Etched color, bio-resin on panel
18 x 18 x 1½ in.
45.7 x 45.7 x 3.8 cm.
Southern California based Nelson Parrish was inspired by his native Alaska’s totem pole, which is typically a decorative narrative of the legends of a culture told through man’s relationship with the land. Since hunting, fishing, farming, and trade traditionally were cornerstones of society, the totem pole united the stories of a community with its environment, through a form that inextricably linked art with nature. Requiring enormous labor, skill, and craft, totems traditionally were made of wood but today are also made of stone, glass and many other unconventional materials.
“Originally from Alaska, I have studied color my whole life. Color is the vernacular we use when traditional words fail. It is the universal language, utilized for translating thoughts and experiences viscerally and immediate. I refine abstracted known forms such as totems, flags, flitches, and river teeth to contain ideas – then implement the action of painting and sculpting to make these ideas visible and tangible. The artifacts created through this vocabulary of Light and Color are as much a telluride, as they are for Telluride. They are the alchemy of those indescribable moments that make us stay: the Light in the Canyon.”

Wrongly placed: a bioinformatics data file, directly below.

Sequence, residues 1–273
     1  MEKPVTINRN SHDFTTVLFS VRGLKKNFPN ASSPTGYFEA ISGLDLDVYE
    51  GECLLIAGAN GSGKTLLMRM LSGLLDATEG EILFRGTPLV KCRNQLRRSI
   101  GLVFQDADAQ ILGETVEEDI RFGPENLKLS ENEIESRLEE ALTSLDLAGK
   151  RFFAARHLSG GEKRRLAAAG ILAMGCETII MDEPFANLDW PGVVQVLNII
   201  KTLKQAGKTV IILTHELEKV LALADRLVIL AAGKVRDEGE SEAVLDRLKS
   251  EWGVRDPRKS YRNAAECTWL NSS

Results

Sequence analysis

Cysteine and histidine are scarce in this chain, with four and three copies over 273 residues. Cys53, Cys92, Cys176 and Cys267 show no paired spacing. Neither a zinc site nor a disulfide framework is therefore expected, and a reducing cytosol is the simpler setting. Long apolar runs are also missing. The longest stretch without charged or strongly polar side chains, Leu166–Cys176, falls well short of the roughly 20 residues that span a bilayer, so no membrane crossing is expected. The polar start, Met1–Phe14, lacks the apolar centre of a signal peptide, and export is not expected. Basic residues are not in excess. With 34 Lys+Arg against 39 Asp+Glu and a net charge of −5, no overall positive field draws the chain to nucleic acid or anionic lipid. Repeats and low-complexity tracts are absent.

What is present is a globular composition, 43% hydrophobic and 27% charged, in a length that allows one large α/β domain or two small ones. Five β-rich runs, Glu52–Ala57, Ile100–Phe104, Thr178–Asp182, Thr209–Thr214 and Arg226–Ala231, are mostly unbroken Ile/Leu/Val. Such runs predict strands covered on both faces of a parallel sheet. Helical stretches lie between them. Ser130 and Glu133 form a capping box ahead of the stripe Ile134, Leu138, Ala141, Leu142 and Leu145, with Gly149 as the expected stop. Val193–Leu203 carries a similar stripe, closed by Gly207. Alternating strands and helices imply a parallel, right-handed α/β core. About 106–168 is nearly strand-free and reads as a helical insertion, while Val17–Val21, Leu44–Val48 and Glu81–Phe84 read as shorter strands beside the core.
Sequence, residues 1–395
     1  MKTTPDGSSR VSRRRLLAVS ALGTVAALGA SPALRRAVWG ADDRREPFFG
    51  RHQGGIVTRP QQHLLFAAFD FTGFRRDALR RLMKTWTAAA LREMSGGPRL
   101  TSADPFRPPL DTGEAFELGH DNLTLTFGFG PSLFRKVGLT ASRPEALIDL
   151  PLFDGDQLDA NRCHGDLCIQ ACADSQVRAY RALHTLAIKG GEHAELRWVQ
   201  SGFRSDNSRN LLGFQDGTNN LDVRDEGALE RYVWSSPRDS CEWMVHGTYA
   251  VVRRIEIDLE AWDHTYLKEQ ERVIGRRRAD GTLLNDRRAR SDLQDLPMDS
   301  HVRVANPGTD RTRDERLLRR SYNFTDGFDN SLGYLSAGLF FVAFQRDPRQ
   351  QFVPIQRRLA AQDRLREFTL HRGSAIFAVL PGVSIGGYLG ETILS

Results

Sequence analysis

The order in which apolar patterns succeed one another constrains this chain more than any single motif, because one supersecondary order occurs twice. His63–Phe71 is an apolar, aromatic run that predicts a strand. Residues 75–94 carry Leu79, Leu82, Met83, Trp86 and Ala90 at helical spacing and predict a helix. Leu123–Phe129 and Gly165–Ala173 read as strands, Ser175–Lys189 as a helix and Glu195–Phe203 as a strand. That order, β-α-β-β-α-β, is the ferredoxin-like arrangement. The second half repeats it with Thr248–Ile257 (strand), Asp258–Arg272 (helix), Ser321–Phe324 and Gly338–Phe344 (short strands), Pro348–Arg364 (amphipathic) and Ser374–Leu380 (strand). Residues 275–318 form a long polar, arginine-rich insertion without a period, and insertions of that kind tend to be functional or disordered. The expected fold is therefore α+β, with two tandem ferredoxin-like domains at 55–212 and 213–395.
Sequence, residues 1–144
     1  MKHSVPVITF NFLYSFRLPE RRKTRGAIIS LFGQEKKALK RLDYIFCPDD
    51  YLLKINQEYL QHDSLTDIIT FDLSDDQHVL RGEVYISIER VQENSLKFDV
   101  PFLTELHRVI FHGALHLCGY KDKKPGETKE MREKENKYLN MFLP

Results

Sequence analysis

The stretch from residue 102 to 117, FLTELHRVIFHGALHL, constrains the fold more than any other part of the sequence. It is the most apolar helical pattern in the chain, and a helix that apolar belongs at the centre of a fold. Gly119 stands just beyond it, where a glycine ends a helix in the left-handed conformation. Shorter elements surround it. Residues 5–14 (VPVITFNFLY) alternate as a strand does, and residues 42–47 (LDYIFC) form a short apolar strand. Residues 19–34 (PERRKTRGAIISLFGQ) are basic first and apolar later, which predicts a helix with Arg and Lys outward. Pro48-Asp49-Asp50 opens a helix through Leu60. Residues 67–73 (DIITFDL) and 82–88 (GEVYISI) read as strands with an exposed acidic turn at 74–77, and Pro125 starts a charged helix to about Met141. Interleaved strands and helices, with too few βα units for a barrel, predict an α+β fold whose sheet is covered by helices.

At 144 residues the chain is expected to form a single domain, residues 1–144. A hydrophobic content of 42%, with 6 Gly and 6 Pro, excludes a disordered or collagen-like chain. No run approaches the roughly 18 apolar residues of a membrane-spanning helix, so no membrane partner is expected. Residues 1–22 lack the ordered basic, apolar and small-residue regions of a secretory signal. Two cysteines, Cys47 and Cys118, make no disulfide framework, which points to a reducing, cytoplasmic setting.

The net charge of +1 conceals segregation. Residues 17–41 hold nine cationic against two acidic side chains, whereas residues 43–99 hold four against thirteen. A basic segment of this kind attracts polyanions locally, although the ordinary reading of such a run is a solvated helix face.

Parrish’s sculptural pieces are handcrafted of wood, aerospace aluminum and layered bio-resin, infused with splashes of vibrant color and racing stripes. The narratives depicted in Parrish’s work are conceptual and aesthetic tributes to seminal moments of expression or intense feeling, often triggered by nature. Parrish seizes the essence of the moment and portrays its emotional story.
His series of paintings, titled 21 Flags, is clearly based on the familiar pattern of stars and stripes but abstracted nearly beyond recognition. By doing so, he compels the viewer to grapple with the scrapes, gaps, and scratches while mentally reconstructing the familiar image hung vertically. The end result is neither a patriotic ode nor didactic lecture, but a process-driven technique that collectively speaks of the polysemic nature of the flag itself.